How Good Is Your Color Perception? Take This Quiz And Find Out


Katy Evans

Katy is Managing Editor at IFLScience where she oversees editorial content from News articles to Features, and even occasionally writes some.

Managing Editor


Do you see what I see? REDPIXEL.PL/Shutterstock 

Know your mustard from your merlot? Your cerulean from your living coral? Or is green just green and you don’t get what the fuss is all about?

We know color perception is affected by many things, from the country we grew up in, to the language we speak, our age, and even how extensive our color “vocabulary” is. In fact, what came first, color or the perception of it?


In Homer’s Odyssey, honey is green, and both iron and (perhaps more surprisingly) sheep are described as violet. The sea is “wine-dark”. There is no mention of blue. There isn’t any mention of blue in any ancient Greek texts. Did they not see the color or just lack the vocabulary to describe it?

It also doesn’t appear in ancient Chinese stories, the Icelandic Sagas, or ancient Hebrew versions of the Bible. In fact, “blue” as we know it didn’t really exist until relatively recently.

According to a study by William Gladstone (who would go on to be British Prime Minister) in the mid-19th century, the first colors to exist as words in most languages are black and white, followed by red, yellow, and green. Blue was last in every language studied.

The Ancient Egyptians, however, did have a word for blue. They were also the only ancient culture to develop a blue dye – impressive because blue doesn’t occur often in nature.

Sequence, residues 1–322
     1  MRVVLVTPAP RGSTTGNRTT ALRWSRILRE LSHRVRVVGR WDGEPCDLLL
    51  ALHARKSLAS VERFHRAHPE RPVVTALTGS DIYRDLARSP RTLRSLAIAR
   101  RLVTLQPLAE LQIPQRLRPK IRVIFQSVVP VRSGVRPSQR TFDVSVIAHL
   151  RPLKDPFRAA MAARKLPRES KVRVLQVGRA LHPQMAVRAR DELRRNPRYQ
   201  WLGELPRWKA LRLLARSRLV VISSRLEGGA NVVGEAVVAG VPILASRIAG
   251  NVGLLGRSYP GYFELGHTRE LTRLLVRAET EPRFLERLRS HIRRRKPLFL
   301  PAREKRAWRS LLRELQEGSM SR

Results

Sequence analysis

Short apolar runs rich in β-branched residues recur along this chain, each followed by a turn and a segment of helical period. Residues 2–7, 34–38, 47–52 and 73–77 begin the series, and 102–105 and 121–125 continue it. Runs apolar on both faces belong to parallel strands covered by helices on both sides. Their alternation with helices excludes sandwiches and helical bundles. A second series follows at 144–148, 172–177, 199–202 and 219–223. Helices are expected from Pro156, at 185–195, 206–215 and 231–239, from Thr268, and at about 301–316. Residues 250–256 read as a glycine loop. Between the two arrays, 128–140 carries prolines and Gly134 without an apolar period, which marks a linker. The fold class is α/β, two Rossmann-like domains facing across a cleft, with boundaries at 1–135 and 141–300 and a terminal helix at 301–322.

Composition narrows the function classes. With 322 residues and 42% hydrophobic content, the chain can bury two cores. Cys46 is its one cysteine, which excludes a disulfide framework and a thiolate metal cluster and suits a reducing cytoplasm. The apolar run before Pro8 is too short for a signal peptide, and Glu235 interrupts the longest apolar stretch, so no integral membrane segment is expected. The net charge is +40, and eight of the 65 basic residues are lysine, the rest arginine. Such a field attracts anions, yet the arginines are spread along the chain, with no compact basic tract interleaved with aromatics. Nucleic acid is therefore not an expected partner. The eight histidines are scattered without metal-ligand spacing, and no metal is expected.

Essentially, color only exists as it is perceived by the individual, which is why “the dress” – either white and gold or blue and black, depending on who you ask – famously split the Internet.

With that in mind, Lenstore, a UK-based optician, created a color test to compare how color and shade perception differed between gender, age, language and country, and what we can learn from it.

The test asks you to identify varying shades of different colors, and where they go on the spectrum, in 10 questions. You can have a go right here, and then see how you compare.

Pretty difficult, right? According to Lenstore, out of the 2,000 people they surveyed in January 2019, the most common score was 6 out of 10 (which is indeed what I got), with 24 percent of participants getting this result.


They also found that young people were better at perceiving color than older people and that typically, women perceived color better than men, scoring 57.7 percent compared to 53.8 percent, although that changed as they got older, with men perceiving color better in the 69-80 age range.

People who spoke three or more languages performed best, with an average of 60 percent correct answers, which suggests a wider color vocabulary improves color perception. Better go get learning that rainbow thesaurus.